Make a dip for dipping vegetable batons by blending together 41⁄2oz (125g) cottage cheese, 2 tbsp mayonnaise, a heaping tablespoon ketchup, and a squeeze of lemon juice. For a more fruity dip, blend together a little cottage cheese with some sugar, a few drops of vanilla, and some apricot purée.
Preparation Time: 10 Minutes
Cooking Time: 15 Minutes
Makes: 2 Child Portions
When learning to feed themselves, toddlers can get frustrated with a spoon and fork and prefer to use their fingers, so pasta dishes that are not too “slippery” are ideal. This one includes a delicious and colorful range of vegetables-you can both have lots of fun identifying the colors as your toddler eats.
1⁄2 heaping cup pasta shapes
½ carrot, peeled and cut into matchsticks
2 broccoli florets cut in small pieces
2 tsp olive oil
½ yellow summer squash, halved lengthwise and sliced
¼ small, red bell pepper, seeds removed and cut into matchsticks
3 tbsp crème fraîche
1⁄2 cup shredded Cheddar cheese (medium or mild, according to preference)
2 tbsp grated Parmesan cheese
1. Cook the pasta in boiling water according to package directions, adding the carrot and broccoli for the last 3 minutes of the cooking time.
2. Meanwhile, heat the oil in a large frying pan or wok and stir-fry the squash and red pepper until softened and lightly golden, 3-4 minutes.
3. Drain the pasta, carrots, and broccoli and add to the frying pan. Add the crème fraîche and cheeses. Toss everything together over low heat for about 1 minute to heat the crème fraîche and just melt the cheeses. Serve warm. (This dish is not suitable for reheating.)
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Always on the go
Your toddler will be raring to go, and ready to try many new experiences. It isn’t always easy to keep up with an energetic toddler, and to ensure he’s getting all the nutrients he needs. But it’s not as hard as you may think to keep things going on the run, whether he’s in day care, at nursery school, or dining with friends.
How can I be sure my child gets a balanced diet when she is at day care?
It can be difficult to work out what your little one is eating at day care, unless you send her with a packed lunch. Most day cares will happily provide details of the weekly menu plan, and most will contain a good balance of healthy foods. Several studies show that young children can be more adventurous when eating with friends, so she may end up trying and eating a wider variety of foods than she would at home. If she eats all three meals at day care, talk to the staff to see what she is eating regularly, and where the shortfalls might be. If it appears that she isn’t eating well at day care, consider sending in a packed lunch, and ask that anything she doesn’t eat be returned to you so that you can see what is actually going in!
Can you give me some ideas for a fun but nutritious packed lunch?
One of the easiest ways to make sandwiches more interesting is to use different types of bread. Mini-bagels and wraps (flour tortillas) are also good for sandwiches. I like to roll slices of bread with a rolling pin so that it is thinner for sandwiches. You can then use cutters to cut the sandwiches into fun shapes. If your child doesn’t eat sandwiches you could try deconstructing the sandwich and making fillings, such as cream cheese and peanut butter, into dips (stir in a little milk to soften the consistency). Give strips of ham and cheese plus mini-rice cakes, unsalted crackers, or cold cooked pasta to eat with the dips.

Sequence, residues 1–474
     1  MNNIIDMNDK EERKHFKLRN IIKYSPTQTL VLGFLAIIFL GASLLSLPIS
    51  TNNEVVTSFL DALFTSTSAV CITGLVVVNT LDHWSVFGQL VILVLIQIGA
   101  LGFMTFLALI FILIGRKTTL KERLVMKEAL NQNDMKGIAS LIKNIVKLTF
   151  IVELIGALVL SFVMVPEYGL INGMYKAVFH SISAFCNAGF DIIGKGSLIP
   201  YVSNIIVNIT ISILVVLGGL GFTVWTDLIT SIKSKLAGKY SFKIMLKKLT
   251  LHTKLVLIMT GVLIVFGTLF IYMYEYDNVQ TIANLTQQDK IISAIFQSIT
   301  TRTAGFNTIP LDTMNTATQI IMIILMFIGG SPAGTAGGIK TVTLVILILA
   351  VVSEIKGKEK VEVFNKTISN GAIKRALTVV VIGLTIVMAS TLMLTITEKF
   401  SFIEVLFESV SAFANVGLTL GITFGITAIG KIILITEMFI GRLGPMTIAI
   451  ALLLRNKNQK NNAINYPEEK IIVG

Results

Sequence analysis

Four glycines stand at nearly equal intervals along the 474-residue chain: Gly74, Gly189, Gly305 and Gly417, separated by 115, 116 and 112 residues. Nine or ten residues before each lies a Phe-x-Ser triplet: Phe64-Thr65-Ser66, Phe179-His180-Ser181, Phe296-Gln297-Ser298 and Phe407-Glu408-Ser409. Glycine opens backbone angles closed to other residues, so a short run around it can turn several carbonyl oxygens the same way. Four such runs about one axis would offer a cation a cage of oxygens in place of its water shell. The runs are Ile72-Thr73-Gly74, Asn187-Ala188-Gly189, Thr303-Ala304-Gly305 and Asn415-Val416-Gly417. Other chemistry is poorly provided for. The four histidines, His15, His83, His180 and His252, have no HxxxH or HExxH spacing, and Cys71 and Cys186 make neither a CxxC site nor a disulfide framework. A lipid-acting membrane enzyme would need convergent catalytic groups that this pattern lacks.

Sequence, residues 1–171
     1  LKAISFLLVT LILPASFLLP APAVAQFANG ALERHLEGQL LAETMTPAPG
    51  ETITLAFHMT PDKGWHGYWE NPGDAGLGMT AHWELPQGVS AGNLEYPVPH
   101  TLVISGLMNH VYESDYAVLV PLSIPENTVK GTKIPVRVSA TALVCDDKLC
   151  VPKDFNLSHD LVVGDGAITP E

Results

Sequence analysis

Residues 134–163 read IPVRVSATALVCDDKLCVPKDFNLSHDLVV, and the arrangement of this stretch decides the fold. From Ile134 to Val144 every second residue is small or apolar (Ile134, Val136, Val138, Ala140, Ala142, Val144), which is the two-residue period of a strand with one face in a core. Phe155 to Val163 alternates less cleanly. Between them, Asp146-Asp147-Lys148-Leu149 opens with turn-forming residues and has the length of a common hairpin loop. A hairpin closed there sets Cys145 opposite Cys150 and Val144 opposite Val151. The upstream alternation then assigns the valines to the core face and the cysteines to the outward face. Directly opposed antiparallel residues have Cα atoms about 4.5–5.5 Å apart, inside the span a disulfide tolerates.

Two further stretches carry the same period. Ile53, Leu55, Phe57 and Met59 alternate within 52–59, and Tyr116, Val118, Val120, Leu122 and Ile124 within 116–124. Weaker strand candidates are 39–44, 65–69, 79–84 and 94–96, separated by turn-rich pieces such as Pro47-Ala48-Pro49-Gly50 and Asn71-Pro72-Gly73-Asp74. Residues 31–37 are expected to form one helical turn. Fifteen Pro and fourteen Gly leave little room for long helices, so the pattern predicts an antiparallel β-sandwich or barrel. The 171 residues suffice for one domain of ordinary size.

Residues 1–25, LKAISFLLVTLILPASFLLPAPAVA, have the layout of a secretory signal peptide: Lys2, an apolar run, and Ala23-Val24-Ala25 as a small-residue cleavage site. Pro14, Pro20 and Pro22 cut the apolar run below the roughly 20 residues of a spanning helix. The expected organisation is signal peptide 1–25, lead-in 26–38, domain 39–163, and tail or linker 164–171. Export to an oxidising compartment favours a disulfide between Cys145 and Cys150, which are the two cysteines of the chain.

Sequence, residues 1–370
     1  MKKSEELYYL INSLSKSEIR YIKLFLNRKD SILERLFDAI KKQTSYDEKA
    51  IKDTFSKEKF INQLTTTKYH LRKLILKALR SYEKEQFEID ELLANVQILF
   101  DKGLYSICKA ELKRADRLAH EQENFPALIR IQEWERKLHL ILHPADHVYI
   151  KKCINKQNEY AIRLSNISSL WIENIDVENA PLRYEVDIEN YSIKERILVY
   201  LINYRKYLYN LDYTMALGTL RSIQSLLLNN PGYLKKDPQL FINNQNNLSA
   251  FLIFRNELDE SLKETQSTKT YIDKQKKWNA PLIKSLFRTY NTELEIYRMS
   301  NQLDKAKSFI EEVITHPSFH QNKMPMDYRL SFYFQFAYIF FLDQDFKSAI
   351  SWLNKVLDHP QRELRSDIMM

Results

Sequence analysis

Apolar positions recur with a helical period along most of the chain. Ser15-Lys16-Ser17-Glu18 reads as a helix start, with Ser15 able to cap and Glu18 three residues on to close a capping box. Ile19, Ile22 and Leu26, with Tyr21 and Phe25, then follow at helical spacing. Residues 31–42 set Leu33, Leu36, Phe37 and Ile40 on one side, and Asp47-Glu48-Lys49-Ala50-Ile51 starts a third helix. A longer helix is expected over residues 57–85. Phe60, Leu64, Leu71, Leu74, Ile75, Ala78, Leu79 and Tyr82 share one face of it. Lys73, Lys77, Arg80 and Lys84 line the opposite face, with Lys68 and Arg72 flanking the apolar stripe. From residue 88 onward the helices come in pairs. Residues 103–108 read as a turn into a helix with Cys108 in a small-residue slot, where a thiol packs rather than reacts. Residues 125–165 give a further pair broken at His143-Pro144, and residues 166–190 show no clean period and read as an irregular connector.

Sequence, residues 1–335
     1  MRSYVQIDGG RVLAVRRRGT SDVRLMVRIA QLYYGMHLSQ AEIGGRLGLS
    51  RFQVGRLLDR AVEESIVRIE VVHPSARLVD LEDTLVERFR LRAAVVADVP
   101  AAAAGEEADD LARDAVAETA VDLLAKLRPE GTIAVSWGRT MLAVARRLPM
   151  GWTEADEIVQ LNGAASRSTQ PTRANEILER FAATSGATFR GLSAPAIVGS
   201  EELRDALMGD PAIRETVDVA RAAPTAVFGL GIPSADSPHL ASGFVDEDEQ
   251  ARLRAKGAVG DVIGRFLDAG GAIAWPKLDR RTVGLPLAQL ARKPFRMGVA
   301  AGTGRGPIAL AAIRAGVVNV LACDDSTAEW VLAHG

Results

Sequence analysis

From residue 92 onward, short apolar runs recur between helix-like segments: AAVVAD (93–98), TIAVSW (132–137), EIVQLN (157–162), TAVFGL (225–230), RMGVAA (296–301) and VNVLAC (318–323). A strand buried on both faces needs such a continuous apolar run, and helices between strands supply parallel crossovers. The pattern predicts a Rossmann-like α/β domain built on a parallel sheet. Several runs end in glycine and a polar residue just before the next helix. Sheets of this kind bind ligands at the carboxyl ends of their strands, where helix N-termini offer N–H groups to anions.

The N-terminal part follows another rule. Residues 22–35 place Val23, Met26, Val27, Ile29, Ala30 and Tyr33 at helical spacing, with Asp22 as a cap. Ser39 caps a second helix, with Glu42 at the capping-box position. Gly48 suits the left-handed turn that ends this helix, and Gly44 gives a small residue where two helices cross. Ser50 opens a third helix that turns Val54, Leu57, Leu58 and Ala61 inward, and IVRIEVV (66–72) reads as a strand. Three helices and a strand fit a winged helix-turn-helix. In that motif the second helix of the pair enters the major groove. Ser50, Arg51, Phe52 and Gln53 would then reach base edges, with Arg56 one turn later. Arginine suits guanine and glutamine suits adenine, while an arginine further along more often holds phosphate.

As it is often a rush to get yourself and your child out of the house in the morning, each of these can be assembled in less than 10 minutes. To help keep lunches cool, invest in an insulated lunchbox or bag and cold pack that can be frozen every night. Add a juice box each day as fruit juice counts as one of the five-a-day fruit and vegetable requirements. Snack-sized boxes of raisins are also a good addition.
Is it OK to rely on jars occasionally?
There is no reason why the occasional jar of toddler or baby food can’t be used for the sake of convenience. Problems begin when you over-rely on them, or use them exclusively. In this case, babies and toddlers become used to the bland flavors and the over-processed texture, making the transition to family food more difficult.
Why are jarred foods so appealing to babies and toddlers?
First of all, babies who have been weaned on to homemade baby foods don’t seem to have the same interest in jarred foods—probably because they seem tasteless in comparison to their normal fare. However, little ones whose first tastes have come from jars do find them appealing because they are completely unchallenging. The flavors are often bland, they lack the vibrant colors of freshly made fruits and vegetables, and there tends to be little texture. Furthermore, while baby foods for very small babies do not usually contain salt or sugar, jarred foods for toddlers may contain both, as well as other ingredients, such as flavorings, which obviously makes them more attractive.